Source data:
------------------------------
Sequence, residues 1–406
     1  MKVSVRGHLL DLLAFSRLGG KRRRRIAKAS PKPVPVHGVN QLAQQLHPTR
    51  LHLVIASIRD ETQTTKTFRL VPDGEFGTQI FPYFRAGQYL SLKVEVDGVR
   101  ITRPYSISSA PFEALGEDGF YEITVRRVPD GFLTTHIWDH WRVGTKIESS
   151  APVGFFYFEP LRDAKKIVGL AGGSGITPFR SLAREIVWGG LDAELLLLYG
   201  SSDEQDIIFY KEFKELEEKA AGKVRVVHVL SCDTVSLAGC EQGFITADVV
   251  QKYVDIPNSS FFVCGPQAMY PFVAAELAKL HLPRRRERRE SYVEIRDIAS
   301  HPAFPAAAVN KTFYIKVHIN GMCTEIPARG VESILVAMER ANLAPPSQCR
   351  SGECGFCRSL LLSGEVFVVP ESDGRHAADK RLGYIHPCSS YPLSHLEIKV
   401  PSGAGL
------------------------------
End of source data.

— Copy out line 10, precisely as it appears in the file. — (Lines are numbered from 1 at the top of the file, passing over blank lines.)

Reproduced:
   401  PSGAGL